Saturday, July 25, 2009

Egyptian Succession: The Crisis Waiting to Happen

By Barry Rubin

There’s one crisis in the Middle East to which attention is rarely paid but which will one day, soon, explode onto the front pages: Who will be Egypt’s next president?

President Husni Mubarak will pick his successor all by himself. And if he dies without doing so? A meeting of the regime’s elite will make the decision.

Mubarak is 81 years old, was made vice-president 34 years ago, and has served as president without any vice-president for 28 years. His health is not good but those who know how bad it is don’t say and those who say don’t know.

There are two main candidates to be taken seriously: Gamal Mubarak, 46, the president’s son who had a career as an investment banker, and Omar Suleiman, the head of Egyptian intelligence. For Egypt to follow Syria’s example and have what looks like a hereditary monarchy under the guise of a republic would be to invite ridicule.

Otherwise, Gamal might appear impressive on the surface to Western governments but that could well be a deceptive. When Syrian President, dictator Hafiz al-Asad decided to hand over to Bashar, he spent years preparing the ground, grooming the young man superficially, securing the agreement of the elite, and getting rid of any possible rivals. Bashar has been repressive, adventurous, murderous, and radical. He has murdered Lebanese politicians, also dispatched terrorists against Jordan, Iraq, and Israel. But from a Syrian regime standpoint, his reign has been successful precisely because he’s been so terrible in his foreign policy.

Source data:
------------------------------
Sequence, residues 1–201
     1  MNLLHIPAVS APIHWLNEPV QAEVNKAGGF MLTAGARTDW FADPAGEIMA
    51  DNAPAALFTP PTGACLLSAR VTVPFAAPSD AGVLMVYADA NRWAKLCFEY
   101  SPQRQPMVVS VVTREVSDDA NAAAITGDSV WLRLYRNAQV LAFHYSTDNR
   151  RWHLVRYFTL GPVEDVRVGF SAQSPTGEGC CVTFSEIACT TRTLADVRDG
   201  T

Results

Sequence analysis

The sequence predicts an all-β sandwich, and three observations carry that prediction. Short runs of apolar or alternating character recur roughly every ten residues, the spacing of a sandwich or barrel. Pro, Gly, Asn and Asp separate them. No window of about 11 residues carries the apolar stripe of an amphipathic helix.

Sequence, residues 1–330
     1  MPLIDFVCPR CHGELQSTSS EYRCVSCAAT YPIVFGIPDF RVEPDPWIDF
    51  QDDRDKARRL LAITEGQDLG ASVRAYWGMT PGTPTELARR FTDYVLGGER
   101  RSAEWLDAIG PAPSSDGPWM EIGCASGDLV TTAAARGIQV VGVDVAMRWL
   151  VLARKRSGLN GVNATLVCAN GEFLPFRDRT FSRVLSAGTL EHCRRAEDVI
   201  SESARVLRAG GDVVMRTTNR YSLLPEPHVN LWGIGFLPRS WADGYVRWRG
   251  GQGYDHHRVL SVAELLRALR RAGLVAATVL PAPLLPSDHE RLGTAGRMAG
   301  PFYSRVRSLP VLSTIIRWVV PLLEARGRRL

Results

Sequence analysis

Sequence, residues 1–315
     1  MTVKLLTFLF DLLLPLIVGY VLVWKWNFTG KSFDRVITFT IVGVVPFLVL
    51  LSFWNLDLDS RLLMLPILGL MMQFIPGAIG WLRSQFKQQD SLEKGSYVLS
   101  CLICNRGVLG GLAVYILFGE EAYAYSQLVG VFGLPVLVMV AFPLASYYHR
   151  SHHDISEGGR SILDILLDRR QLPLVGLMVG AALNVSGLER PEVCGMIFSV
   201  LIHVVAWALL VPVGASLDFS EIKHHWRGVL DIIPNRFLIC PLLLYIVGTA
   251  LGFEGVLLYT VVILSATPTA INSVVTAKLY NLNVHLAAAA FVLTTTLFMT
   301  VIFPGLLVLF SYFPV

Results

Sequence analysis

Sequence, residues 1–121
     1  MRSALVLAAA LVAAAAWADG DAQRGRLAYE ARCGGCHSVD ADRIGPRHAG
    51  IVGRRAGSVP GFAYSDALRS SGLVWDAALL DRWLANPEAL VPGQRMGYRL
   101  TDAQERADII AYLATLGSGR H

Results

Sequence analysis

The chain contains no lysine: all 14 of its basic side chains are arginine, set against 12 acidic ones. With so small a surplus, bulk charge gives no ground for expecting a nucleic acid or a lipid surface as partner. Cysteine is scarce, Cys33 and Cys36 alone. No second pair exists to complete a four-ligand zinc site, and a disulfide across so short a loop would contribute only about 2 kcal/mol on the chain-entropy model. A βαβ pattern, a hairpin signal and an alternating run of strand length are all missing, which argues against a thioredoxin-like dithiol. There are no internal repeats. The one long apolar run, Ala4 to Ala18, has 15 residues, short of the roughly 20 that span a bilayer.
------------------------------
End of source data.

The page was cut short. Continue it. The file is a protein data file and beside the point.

Gamal seems a nice young man, Westernized, technocratic, friendly to business. Yet in the Middle East, nice guy dictators finish up in front of firing squads, in a manner of speaking. Contrary to his reputation as monster, the last shah was closer to Gamal than to Bashar in character.

Can Gamal really control a country of 80 million people with seething poverty and a growing radical Islamist movement? He may well lack the required toughness and is certainly unlikely to become a popular figure.

And if members of Egypt’s elite don’t think so, they will try to keep him out of office and start plotting if he ever does sit on the throne, um, presidential seat.

In contrast, Suleiman, 73, is tough and street-smart. He is well-regarded at home and in the West, but how the all-important army high command feels about him is not so clear. Moreover, given his age, he would likely prove an interim president. Still, he knows how to play the Middle East political game quite well.

If Gamal can claim that he would be better from a developmental standpoint, Suleiman would do a better job in the regional and domestic security areas.

The danger to Egypt is more medium- than short-term. The country is nowhere near an Islamist takeover. But if Gamal becomes president would one be able to say that in five or ten years?

Finally, the regime elite might come together to insist on a third candidate, say a former general who has gone into administration. The timing of the decision and implementation on succession is going to be a central factor. Keep a close eye on this issue. It may soon be a crisis.

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